Systemic Lupus Erythematosus (SLE) in Cats

Systemic lupus erythematosus (SLE) in cats




First reported in 1971, systemic lupus erythematosus (SLE) is a rare autoimmune disorder which can affect any organ system in the cat. Antibodies are proteins produced by the immune system to counteract and protect the body from antigens such as invading viruses and bacteria. However, sometimes the body produces antibodies against itself (known as auto-antibodies), attacking various systems including the skin, joints, blood vessels, kidneys, heart, and lungs.

The aetiology of SLE is unknown, although it is thought to be a combination of several factors including genetics, pharmacological agents, environmental, viral infection and exposure to UV light. Siamese, Persians and their related breeds appear to be at greater risk of developing the disease. There is no age or sex predilection in cats.

The mechanism for damage is a type III hypersensitivity. Antigen-antibody complexes (or immune complexes) are formed when antibodies bind to antigens. These antigen-antibody complexes are deposited in the tissues which activate a number of immune responses which initiates an inflammatory response. This, in turn, stimulates neutrophils, phagocytes, and monocytes to the site. Phagocytes release toxic by-products which cause tissue damage.

What are the symptoms of SLE in cats?

Known as The Great Imitator due to many symptoms mimicking other disorders to affect cats. Many body systems can be affected including the kidneys, skin, and joints. As such, clinical signs can be widely variable depending on the system affected.

Symptoms can be acute (sudden onset) or chronic, where the cat experiences symptoms on and off. The re-appearance of symptoms is known as a flare-up and remission is when symptoms abate.

Musculoskeletal 

  • Joint pain and swelling associated with polyarthritis.
  • Shifting leg lameness.
  • Decreased mobility.
  • Muscle weakness.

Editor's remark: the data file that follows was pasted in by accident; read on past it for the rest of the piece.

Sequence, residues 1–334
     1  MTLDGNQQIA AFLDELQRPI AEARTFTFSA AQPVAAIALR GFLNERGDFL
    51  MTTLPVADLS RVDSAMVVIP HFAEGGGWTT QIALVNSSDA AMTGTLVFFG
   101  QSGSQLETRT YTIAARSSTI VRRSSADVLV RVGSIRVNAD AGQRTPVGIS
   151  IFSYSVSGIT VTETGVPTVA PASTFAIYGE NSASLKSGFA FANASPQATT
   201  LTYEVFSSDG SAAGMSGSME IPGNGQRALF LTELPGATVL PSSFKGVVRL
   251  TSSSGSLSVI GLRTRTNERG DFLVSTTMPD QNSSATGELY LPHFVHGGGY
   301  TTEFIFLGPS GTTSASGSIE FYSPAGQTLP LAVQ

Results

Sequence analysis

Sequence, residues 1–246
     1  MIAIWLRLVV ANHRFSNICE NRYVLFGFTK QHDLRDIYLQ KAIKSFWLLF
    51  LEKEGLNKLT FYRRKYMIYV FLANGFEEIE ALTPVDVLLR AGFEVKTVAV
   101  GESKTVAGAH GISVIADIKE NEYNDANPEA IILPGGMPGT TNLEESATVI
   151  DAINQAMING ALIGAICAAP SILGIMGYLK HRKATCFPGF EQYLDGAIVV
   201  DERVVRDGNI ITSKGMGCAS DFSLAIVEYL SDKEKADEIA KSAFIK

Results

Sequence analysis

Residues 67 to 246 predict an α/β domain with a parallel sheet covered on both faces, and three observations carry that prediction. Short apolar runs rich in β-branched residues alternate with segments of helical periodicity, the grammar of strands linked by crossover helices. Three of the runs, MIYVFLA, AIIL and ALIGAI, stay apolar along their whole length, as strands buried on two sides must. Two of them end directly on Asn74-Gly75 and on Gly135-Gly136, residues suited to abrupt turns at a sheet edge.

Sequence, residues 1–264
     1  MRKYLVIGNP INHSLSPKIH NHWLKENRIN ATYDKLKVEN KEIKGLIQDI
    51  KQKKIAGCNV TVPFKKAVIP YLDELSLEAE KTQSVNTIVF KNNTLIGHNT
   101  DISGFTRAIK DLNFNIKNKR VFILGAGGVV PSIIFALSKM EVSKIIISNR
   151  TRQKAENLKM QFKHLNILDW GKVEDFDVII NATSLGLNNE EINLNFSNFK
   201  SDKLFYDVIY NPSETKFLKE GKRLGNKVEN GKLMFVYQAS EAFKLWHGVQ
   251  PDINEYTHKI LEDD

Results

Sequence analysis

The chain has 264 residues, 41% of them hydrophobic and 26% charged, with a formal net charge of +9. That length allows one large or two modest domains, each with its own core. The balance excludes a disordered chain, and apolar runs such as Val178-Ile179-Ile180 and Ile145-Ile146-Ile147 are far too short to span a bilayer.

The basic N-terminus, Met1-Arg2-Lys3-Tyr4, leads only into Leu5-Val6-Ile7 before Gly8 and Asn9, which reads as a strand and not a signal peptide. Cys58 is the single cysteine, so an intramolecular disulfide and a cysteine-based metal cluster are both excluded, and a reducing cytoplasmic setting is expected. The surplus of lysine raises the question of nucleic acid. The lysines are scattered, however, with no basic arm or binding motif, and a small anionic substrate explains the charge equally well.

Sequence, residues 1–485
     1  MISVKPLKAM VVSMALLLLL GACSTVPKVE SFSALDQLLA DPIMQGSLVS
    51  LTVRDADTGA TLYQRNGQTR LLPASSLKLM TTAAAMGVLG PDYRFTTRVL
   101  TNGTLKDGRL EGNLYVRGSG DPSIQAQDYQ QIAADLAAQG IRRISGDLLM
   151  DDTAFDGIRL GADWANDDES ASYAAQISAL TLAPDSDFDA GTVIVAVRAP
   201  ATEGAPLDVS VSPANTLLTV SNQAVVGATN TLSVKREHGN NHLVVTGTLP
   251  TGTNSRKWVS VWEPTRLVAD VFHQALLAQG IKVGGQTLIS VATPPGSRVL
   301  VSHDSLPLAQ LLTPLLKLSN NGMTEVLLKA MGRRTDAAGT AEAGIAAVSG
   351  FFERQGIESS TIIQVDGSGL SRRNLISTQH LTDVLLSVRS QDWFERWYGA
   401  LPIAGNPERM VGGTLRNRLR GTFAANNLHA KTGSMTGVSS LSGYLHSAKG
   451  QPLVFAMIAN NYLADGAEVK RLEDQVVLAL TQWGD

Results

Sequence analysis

Renal (glomerulonephritis/kidney disease)

  • Enlarged kidneys
  • Ascites (fluid in the abdomen)
  • Increased thirst
  • Increased urination
  • Lethargy
  • Weight loss
  • Vomiting

Dermatologic

  • Multifocal alopecia with crusty skin lesions, particularly on the head, face, ears, and rear legs
  • Oral ulcers
  • Nasal ulcers
  • Paronychia (inflammation of the skin around the claws

Hematologic (hemolytic anemia)

  • Depression
  • Lethargy
  • Pale or yellow mucous membranes
  • Anorexia
  • Increased heart rate

Hematologic (thrombocytopenia)

  • Lethargy
  • Blood in urine
  • Blood in stool
  • Red spots in the eyes and/or gums
  • Bruising

Neurological




  • Seizures
  • Behavioural changes

Other

  • Fever with no apparent cause
  • Swollen lymph nodes
  • Weight changes
  • Photosensitivity

How is SLE in cats diagnosed?

The criteria for diagnosing SLE in cats has been modified from the one created by the American Rheumatism Association (ARA) in which in human patients must meet four of eleven criteria in order for a diagnosis of SLE to be made including: rash, photosensitivity, oral ulcers, non-erosive arthritis, pleuritis/pericarditis, renal disorder, neurologic disorder, hematologic disorder, immunologic disorder and positive antinuclear antibody.

Your veterinarian will perform a complete physical examination of your cat and obtain a medical history from you. He will perform routine tests such as:

  • Biochemical profile – Elevated BUN, hypoalbuminemia.
  • Coombs test – This test is used to detect the presence of antibodies which bind to the surface of red blood cells in cats with hemolytic anemia.
  • Complete blood count – May reveal anemia, low platelets, low white blood cell count, low lymphocytes, spherocytosis (round shaped red blood cells).
  • Urinalysis – Proteinuria, elevated BUN.
  • Antinuclear antibody test (ANA) – This test measures antibodies to self-tissues.
  • Biopsy of a skin lesion.
  • Kidney biopsy if glomerulonephritis is suspected.
  • Xrays of the joints to check for arthritis.
  • Synovial fluid (fluid from the joints) analysis.
  • If the kidneys are involved, your veterinarian may want to check your cat’s blood pressure as hypertension may be present.

How is SLE treated?

There is no cure for SLE, treatment is aimed at suppressing the cat’s immune system. Your cat may be hospitalised initially until the condition is brought under control.

  • Nonsteroidal anti-inflammatory drugs (NSAIDs) can be used to reduce inflammation and reduce fever.
  • Corticosteroids such as Prednisone to reduce inflammation. Once the condition is under control, dosage may be tapered down to a lower dose. 

Note: NSAIDs and corticosteroids should not be given concurrently due to severe side effects including gastroduodenal ulceration and renal papillary necrosis.

  • Antibiotics to treat secondary infection.
  • Limiting exposure to sunlight.
  • Splenectomy (removal of the spleen) may be required in severe cases of thrombocytopenia.
  • Supportive care including cage rest, especially during a flare-up, dietary management of kidney disease such as a low protein diet, medications to treat high blood pressure.

The prognosis for cats with SLE depends on the organs involved and how well your cat responds to treatment.  But it is usually guarded, especially if the internal organs are affected. The earlier the diagnosis the better the outcome.  




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